I have no idea why it took me so long to figure this out. I mean, who knew subbing spaghetti squash for vermicelli in Sevya would work. For those of us gluten intolerant peeps, I have to say it’s delicious.
A couple of days back, half way through my lunch of spaghetti squash and meatballs, I was already thinking about dessert. Really, what is a meal without dessert. It doesn’t have to be sugar laden or full of fat. Just a piece of fruit with nut butter would do. But, that was not what I was thinking of then. I wanted a warm bowl of sevya and low and behold the idea came to me. If this delicious vegetable satisfied my craving for spaghetti, why not try making sevya with it. And that’s exactly what I did.
Oh my gosh! I can’t tell you how much I’m in love with this heavenly after dinner treat. Actually it’s an any time treat if you ask me, it’s so darn good! And …. sshhhh… Don’t tell anyone there ain’t a speck of cane sugar in here. Yes, you heard me. Seriously there isn’t any sugar and don’t get me wrong, there aren’t any icky artificial sweeteners in it either. It’s pure and clean. Made with date syrup, cocoa chips and grass fed butter. These delightful balls are then rolled in unsweetened cocoa and cocoa nibs.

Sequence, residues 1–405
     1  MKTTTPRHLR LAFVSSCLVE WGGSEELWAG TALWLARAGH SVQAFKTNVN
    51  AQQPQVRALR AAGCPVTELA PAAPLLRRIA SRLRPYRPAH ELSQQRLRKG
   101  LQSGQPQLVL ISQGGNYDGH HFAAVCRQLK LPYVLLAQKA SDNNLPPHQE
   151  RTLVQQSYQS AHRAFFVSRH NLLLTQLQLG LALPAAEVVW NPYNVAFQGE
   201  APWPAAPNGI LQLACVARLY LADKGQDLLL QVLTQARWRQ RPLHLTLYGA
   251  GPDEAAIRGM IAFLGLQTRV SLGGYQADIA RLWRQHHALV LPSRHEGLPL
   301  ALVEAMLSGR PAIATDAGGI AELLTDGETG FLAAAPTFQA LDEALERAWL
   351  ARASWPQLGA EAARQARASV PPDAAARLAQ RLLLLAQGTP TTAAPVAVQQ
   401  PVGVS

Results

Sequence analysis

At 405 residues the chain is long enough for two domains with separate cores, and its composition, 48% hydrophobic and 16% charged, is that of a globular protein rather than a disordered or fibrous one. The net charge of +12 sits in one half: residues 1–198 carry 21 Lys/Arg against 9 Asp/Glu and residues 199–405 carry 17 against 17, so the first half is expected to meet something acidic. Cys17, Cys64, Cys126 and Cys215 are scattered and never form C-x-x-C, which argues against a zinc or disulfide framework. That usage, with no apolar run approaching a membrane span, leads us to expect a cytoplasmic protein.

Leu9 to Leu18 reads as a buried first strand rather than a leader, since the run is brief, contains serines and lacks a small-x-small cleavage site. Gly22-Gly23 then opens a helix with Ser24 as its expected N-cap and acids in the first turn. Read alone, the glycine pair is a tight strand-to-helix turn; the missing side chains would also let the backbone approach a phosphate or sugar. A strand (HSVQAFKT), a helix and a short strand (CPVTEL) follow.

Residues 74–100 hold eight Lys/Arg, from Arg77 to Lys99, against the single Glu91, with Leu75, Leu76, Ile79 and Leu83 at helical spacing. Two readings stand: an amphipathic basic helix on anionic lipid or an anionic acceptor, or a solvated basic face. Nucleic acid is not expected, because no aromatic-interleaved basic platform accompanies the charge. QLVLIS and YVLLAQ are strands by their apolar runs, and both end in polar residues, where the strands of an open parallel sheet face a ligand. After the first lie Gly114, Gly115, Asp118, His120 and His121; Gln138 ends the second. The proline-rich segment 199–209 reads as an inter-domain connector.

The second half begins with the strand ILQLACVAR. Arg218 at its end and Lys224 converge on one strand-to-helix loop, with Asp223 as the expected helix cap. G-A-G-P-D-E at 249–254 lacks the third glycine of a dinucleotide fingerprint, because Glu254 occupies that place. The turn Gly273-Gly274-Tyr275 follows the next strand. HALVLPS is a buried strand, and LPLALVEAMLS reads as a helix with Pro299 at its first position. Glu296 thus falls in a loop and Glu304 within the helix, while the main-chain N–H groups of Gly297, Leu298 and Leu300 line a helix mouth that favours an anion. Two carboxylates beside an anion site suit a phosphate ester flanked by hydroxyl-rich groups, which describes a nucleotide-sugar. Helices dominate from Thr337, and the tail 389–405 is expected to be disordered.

Again… it has been a tad bit too long since I wrote to you last. As I mentioned in my previous post I was working on “Project Ghee”, well I don’t think I called it that exactly … but it sure does sound good right now 🙂
Anyway, let me tell you what I’ve been up too. I’ve been preoccupied with ‘GHEE’, now I’m sure you shaking your head and thinking, “Really Shamim, like you had to tell us that!” (sarcasm intended) Well, of course it’s ghee. Ghee all the way baby!
I could so do with a Banana Puri right now. Been working really hard on a new project and wishing I had a couple of these to keep me going.
A little blast from the past. Although, I would use grapeseed oil for frying now. Enjoy!
If you’re craving something not too sweet and delicious with your coffee or tea (chaa), this is the recipe for you. I won’t beat around the bush, but I struggled a little thinking of the best way to describe this to you. The puri is not, by all means, meant to be soft and fluffy like a beignet or doughnut. It is rather solid, moist and crunchy all at once. I ate these puris countless of times during my childhood. If I had to put a finger on it, I would say the banana puri to me is the equivalent of a doughnut to some, that is if we were talking about childhood nostalgic foods.
If you’re lucky enough, when you’re frying the puri’s they puff up into these balloon like disks, creating a hollow center. I love peeling away this layer and eating it…